Shale gas is used for a range of applications which includes industrial, power generation, commercial, residential and transportation. It is basically a natural gas which is extracted from different shales. Some major shales are Marcellus, Eagle Ford, Niobrara, Barnett, Bakken among others. In industries, shale gas is used to produce ethane which is a feed stock for various industries. Shale gas itself is used as feedstock for fertilizer industry to produce ammonia. Shale gas is used in power industry replacing coal. Many countries are converting their coal fired power plants to gas fired power plants to reduce carbon emissions. Commercial and residential sectors use shale gas for space heating or cooling, water heaters, and cooking purposes among others. Shale gas is also used as fuel for vehicles.
Shale gas is widely used in power generation and industrial applications. In 2012, Industrial usage accounted for approximately above 30% and is expected to reach approximately to 33% to 35% by 2019. Power generation also accounts for a major portion of the overall shale gas market share and by 2019 it is expected to decrease. Residential usage is expected to increase by 2019, as other renewable energy sources such as solar energy, biogas, etc. are increasingly preferred because they are eco-friendly. Application in the commercial sector is also expected to increase substantially, by 2019. Use of CNG in transportation is slowly rising due to soaring crude oil prices.
EIA has estimated a total of 7,299.0 tcf of total technically recoverable shale gas reserves in the world. China has the largest reserves and ranks first followed by Argentina, Algeria and the U.S. North America is the only region producing shale gas. Rest of the world’s shale gas reserves are intact and carry a great potential to meet future energy demand. U.S. and Canada were the only two countries known to have produced commercial shale gas in 2012 and which had a major contribution to the shale gas market.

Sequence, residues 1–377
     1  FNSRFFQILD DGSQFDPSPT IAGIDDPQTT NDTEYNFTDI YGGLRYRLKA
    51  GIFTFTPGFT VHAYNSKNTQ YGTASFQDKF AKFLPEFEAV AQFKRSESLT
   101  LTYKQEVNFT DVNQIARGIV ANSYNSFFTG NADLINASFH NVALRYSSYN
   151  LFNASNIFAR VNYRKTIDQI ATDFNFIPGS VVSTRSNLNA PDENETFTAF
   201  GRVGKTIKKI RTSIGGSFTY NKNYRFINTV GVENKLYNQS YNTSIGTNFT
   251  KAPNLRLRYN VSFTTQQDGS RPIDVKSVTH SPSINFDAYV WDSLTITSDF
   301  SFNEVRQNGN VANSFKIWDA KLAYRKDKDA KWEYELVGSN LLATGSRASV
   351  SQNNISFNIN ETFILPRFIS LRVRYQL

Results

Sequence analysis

In China, shale gas production is expected to commence in 2015, as this region is still in the nascent stages of development. However, China is expected to become one of the rapidly growing markets in terms of shale gas production. Due to environmental issues and public opposition, the development of shale gas production continues to be slow in Europe. Furthermore, commercialization within the forecast period is not expected that could be a probable cause driving the overall shale gas market.
Big companies like Anadarko Petroleum Corporation installed the SPAR platform in 2013 at the Lucius field in the Gulf of Mexico. Production is expected to commence in the second half of 2014. The company paid USD 1 million to the Texas Tech University to build an Unconventional Technology Center. The center would focus on oil recovery techniques and unconventional natural gas. In February 2014, Anadarko and a subsidiary of Brightoil Petroleum (Holdings) Limited signed a stock purchase agreement. The company would divest its China-based subsidiary for USD 1.075 billion later in the year 2014. Also Anadarko is expanding midstream activities by developing its oil gathering pipeline. The company is also increasing its natural gas gathering system capacity to 350 MMcfd (millions of cubic feet per day).
BP plc started the Na Kika Phase 3 in the deepwater Gulf of Mexico in February 2014 and established a joint venture with Z Energy and New Zealand Refining Co. Ltd. In March 2014 to produce and process crude oil through New Zealand’s oil refinery. In July 2013, BP and CNOOC signed an agreement for the exploration of Third Deepwater Block in South China Sea and also opened the largest bio-refinery in the U.K. in Hull in a joint venture with AB Sugar and DuPont. At full capacity, the refinery would produce 420 million liters of bio-ethanol per year.
This post was originally published on The Market Plan